via the National Association for Home Care and Hospice
When services are covered by Medicare and/or Medicaid, home care
providers must bill their fees directly to the payor to Medicare or
Medicaid. Providers often will bill other third-party payors directly as
well. Any uncovered costs are later billed to the client. However, if a
client receives services from a registry or independent provider, he or
she must pay the provider directly. Later the client may file for
reimbursement from the insurance company if the services qualify as
covered benefits. Payment options are detailed below.
Home Health Agencies
Medicare, Medicaid, and most private insurance plans pay for services
that home health agencies deliver. Payment from these sources depends on
whether the care is medically necessary and the individual meets
specific coverage criteria. Individuals may opt to pay out of pocket for
services that are not covered by other sources. Some agencies receive
special funding from state and local governments and community
organizations to cover the costs of needed care when other options are
Coverage for hospice care is available through Medicare, Medicaid
programs in 38 states, and most private insurance plans. If insurance
coverage is insufficient or unavailable, the patient and his or her
family may pay for services out of pocket. Most hospices may provide
free services to individuals who have limited or no financial resources.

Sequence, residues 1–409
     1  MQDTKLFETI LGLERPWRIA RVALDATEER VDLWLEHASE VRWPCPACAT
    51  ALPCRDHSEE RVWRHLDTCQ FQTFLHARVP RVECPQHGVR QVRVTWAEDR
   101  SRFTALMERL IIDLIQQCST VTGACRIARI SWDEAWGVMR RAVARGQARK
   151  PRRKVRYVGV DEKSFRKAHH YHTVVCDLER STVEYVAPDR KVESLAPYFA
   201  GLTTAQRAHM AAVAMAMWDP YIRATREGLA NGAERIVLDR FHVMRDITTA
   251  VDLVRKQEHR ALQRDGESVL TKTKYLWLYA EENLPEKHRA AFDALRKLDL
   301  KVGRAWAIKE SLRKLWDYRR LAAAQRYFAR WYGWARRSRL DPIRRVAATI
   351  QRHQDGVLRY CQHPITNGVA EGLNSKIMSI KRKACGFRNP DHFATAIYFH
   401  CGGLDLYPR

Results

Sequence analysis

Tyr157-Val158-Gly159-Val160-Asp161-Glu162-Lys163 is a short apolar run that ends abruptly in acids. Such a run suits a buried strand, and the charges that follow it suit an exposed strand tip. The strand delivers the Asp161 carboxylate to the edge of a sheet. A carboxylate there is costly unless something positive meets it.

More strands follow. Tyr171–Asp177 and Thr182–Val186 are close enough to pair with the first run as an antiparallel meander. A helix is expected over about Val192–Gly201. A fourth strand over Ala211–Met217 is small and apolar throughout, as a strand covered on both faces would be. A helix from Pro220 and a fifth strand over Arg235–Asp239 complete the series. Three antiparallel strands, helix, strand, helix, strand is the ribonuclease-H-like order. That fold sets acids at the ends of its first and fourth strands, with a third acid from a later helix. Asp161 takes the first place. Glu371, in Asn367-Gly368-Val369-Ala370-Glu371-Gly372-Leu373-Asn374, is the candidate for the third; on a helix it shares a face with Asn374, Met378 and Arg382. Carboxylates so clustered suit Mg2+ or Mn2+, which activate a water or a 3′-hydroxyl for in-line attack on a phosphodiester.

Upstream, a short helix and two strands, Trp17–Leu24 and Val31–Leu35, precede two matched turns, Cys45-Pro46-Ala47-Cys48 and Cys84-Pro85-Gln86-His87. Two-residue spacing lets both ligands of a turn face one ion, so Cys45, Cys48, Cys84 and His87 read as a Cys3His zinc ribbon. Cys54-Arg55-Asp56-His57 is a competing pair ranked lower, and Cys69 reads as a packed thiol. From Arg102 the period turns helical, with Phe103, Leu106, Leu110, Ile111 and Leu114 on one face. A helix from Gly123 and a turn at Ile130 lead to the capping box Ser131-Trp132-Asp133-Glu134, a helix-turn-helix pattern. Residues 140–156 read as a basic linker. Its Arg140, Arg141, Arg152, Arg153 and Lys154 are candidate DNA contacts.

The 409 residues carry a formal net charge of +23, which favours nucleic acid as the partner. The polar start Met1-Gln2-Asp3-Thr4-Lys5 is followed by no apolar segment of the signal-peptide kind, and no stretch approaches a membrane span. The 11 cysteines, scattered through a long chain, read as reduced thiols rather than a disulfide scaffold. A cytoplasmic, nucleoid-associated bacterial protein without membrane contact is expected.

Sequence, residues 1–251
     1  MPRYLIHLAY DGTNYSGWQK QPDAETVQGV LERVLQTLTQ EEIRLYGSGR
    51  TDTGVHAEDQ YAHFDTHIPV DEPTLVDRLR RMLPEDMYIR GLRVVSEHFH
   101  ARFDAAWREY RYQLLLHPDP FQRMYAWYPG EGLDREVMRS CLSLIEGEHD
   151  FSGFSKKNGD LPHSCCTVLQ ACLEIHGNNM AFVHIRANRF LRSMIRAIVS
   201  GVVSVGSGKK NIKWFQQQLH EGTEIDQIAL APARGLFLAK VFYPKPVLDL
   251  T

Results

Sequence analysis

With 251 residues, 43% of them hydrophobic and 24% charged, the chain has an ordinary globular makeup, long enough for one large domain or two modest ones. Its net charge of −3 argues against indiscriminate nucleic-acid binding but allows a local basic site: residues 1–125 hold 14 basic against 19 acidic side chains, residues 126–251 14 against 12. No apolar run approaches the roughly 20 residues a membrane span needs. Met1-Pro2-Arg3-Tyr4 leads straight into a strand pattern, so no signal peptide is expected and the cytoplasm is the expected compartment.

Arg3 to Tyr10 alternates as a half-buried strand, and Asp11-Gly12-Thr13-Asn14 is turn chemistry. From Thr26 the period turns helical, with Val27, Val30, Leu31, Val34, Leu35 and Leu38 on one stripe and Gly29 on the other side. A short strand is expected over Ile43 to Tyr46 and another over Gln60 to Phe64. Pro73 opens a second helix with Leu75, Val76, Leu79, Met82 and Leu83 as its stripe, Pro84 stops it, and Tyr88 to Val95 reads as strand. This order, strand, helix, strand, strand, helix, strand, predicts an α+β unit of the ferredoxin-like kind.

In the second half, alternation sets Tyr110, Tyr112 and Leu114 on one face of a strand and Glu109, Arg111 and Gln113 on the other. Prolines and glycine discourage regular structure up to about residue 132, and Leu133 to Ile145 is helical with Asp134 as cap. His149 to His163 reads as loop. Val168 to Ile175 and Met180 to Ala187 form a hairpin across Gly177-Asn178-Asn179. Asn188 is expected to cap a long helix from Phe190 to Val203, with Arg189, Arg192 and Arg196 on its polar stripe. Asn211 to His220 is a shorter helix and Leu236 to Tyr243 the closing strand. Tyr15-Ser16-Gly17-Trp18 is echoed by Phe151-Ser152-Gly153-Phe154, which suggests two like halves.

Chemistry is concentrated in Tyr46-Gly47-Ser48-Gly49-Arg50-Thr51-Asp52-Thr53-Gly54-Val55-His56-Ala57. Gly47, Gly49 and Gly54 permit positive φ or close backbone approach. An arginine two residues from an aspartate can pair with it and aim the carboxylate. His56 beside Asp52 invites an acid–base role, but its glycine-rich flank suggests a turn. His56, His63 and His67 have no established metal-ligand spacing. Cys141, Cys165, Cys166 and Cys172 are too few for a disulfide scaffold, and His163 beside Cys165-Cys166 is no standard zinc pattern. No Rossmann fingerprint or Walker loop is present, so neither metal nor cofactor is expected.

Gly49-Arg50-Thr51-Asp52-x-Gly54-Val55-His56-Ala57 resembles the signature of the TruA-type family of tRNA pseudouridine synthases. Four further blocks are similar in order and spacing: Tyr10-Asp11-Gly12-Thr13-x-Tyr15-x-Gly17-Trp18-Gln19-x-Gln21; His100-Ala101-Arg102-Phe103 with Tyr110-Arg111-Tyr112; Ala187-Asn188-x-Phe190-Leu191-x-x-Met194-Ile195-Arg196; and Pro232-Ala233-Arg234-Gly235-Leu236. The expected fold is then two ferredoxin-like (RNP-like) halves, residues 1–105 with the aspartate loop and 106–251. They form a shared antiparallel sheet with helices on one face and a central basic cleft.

Homemaker and Home Care Aide Agencies
Individual consumers usually pay for services from homemaker and HCA
agencies. However, some states contract with these agencies to deliver
personal care and homemaker services within their social services and
medical assistance programs. On rare occasions, commercial insurers may
pay for a portion or all of the costs of these services. Some agencies
draw assistance from charitable community funds when other sources of
payment are not available.
Staffing and Private-duty Agencies
Typically, the individual or his or her commercial insurance carrier
pays for services provided by staffing and private-duty agencies,
provided that the insurance policy's coverage requirements are met. Some
staffing agencies contract with state Medicaid programs to provide
nursing and personal care services.
Pharmaceutical and Infusion Therapy Companies
Pharmaceutical and infusion therapy supplies and services are almost
always paid for by commercial insurance companies and Medicaid. Medicare
covers the cost of nutritional supplements and certain medications when
the situation meets strict coverage.
Durable Medical Equipment and Supply Dealers -
Fees for durable medical equipment and supplies are usually covered by
Medicare, Medicaid, and commercial insurance programs, provided that the
products are ordered by a physician and are medically necessary to
treat an illness or injury.
The individual client generally pays for registry services. In some
cases, commercial insurance companies may reimburse a portion or all of
Usually the individual pays for services rendered by independent
providers. Some commercial insurance policies will provide reimbursement
if the services qualify as covered benefits.